I focused on adding a master suite because there was space available to be converted without having to build onto the house. This allowed me to significantly raise my ARV.

Macarthur Before

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Macarthur After
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Macarthur appraised for $135,000 once the rehab was finished. It rents for $1,250 a month, and my total expenses are $805.

This gives me a cash flow of $445 before maintenance and CapEx. I was able to refinance 75% of the appraised value to get back $101,250 ($135,000 x 75%).

If I take the money I left in the deal ($106,000 – $101,250 = $4,750) and divide my yearly cash flow ($445 x 12 = $5,340) by that amount, I get an ROI of 112% ($4,750 / $5,340) for this property. This means I made all of my money back before a year of owning the property had passed.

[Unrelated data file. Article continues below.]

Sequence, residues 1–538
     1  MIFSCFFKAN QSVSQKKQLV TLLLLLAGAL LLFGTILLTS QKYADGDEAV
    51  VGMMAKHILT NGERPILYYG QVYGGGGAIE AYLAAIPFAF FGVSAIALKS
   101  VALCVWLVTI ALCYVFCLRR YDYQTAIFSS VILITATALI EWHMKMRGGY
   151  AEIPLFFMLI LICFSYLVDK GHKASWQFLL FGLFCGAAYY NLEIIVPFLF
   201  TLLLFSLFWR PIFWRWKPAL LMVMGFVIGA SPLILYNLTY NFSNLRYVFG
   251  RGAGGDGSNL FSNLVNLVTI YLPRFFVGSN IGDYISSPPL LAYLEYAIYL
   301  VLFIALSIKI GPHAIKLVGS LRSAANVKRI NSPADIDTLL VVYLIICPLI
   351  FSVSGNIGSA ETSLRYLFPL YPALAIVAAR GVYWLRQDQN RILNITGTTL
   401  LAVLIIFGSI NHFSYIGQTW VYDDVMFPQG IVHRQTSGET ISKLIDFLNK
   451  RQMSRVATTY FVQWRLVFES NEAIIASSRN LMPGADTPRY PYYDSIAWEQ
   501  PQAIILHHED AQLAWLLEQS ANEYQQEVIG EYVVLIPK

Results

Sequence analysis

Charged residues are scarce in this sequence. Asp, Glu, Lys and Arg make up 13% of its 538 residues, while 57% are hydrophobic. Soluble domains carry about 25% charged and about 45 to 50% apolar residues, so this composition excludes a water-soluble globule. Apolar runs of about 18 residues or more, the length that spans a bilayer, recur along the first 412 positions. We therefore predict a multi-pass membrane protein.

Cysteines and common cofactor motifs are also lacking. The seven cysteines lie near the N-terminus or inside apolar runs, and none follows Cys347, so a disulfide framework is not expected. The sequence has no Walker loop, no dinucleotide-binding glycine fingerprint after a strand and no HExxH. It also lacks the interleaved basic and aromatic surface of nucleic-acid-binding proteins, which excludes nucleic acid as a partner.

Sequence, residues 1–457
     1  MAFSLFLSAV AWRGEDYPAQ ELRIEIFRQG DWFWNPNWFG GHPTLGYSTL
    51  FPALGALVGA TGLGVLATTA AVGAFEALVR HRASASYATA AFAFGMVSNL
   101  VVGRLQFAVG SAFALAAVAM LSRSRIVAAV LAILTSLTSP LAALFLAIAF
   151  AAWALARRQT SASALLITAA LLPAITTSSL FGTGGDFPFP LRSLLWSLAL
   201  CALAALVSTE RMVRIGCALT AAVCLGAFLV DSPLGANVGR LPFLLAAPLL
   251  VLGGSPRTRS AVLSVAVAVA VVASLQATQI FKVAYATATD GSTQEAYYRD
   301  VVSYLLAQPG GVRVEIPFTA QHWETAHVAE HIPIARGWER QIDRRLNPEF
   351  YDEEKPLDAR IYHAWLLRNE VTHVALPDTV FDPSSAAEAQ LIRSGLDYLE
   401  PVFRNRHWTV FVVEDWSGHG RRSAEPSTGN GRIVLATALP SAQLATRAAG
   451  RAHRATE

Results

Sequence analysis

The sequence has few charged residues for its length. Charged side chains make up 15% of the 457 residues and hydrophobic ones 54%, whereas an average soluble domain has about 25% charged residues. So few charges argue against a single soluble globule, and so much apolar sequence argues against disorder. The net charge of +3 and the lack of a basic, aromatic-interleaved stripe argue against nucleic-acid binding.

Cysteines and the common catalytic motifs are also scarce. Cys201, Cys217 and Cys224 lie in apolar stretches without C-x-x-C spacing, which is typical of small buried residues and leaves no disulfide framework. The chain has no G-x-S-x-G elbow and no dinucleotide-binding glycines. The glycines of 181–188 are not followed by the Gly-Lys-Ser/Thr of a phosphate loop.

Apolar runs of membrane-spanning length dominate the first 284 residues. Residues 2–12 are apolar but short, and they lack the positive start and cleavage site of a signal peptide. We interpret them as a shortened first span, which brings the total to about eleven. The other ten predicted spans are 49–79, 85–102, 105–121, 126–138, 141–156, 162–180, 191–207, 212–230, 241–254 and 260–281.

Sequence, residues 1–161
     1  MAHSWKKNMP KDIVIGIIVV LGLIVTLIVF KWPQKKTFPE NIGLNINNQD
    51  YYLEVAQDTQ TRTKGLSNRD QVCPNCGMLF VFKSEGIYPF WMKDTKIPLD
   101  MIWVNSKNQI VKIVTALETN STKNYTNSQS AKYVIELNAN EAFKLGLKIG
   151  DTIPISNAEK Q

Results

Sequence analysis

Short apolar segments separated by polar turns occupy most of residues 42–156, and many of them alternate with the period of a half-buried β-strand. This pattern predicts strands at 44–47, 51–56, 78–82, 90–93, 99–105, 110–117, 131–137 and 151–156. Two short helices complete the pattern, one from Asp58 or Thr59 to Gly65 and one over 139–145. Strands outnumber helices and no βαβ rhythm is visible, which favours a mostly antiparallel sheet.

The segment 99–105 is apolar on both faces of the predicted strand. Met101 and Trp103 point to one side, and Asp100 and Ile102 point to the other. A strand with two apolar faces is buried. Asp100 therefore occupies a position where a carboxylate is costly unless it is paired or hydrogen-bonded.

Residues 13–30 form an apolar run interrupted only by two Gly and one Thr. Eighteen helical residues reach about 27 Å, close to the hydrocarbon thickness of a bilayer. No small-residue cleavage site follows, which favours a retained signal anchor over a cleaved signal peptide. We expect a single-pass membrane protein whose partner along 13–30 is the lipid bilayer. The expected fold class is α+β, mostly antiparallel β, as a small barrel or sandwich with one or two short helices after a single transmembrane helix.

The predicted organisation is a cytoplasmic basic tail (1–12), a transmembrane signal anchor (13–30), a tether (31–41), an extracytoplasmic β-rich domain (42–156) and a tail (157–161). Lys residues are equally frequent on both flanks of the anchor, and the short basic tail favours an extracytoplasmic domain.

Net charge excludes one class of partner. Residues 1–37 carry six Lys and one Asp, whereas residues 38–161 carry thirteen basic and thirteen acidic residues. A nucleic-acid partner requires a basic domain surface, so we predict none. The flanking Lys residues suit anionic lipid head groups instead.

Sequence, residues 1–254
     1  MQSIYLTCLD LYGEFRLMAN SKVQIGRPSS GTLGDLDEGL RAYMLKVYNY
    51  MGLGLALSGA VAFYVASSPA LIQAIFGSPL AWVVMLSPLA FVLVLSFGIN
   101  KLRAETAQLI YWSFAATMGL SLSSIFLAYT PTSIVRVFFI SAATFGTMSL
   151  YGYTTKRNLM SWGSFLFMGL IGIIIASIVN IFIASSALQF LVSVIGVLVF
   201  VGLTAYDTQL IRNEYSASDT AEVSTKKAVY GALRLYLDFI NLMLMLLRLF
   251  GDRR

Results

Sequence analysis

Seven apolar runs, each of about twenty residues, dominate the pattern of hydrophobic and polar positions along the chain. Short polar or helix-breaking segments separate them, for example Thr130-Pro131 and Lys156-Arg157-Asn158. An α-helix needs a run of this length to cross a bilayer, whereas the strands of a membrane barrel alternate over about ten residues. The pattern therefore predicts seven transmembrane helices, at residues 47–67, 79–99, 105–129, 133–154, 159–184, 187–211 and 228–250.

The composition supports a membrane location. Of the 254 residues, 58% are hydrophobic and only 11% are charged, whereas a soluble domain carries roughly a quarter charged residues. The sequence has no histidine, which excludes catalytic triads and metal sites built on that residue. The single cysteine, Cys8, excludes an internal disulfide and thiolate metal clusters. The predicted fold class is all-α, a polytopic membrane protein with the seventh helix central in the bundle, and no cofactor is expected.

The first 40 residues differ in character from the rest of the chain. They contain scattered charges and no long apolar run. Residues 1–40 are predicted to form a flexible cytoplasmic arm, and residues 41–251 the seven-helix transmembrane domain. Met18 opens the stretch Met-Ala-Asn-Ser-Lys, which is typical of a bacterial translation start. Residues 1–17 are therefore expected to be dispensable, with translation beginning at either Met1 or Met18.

I added $29,000 to my net worth (appraised value of $135,000 minus my all-in costs of $106,000), $445 to my monthly cash flow, and I recovered the capital I left in the deal after 11 months of having a tenant in place.

Deal #2: Argentine

Argentine was purchased through a wholesaler. I paid $107,500, and the rehab budget was $22,660.

Argentine appraised for $195,000 once the rehab was finished. It rents for $1,395 a month, and my total expenses are $1,100.

This gives me a cash flow of almost $200.

Argentine Before

BRRRR ultimate guide BRRRR newbies BRRRR real estate newbies brrrr investing newbies

how to buy rehab rent refinance repeat

Argentine After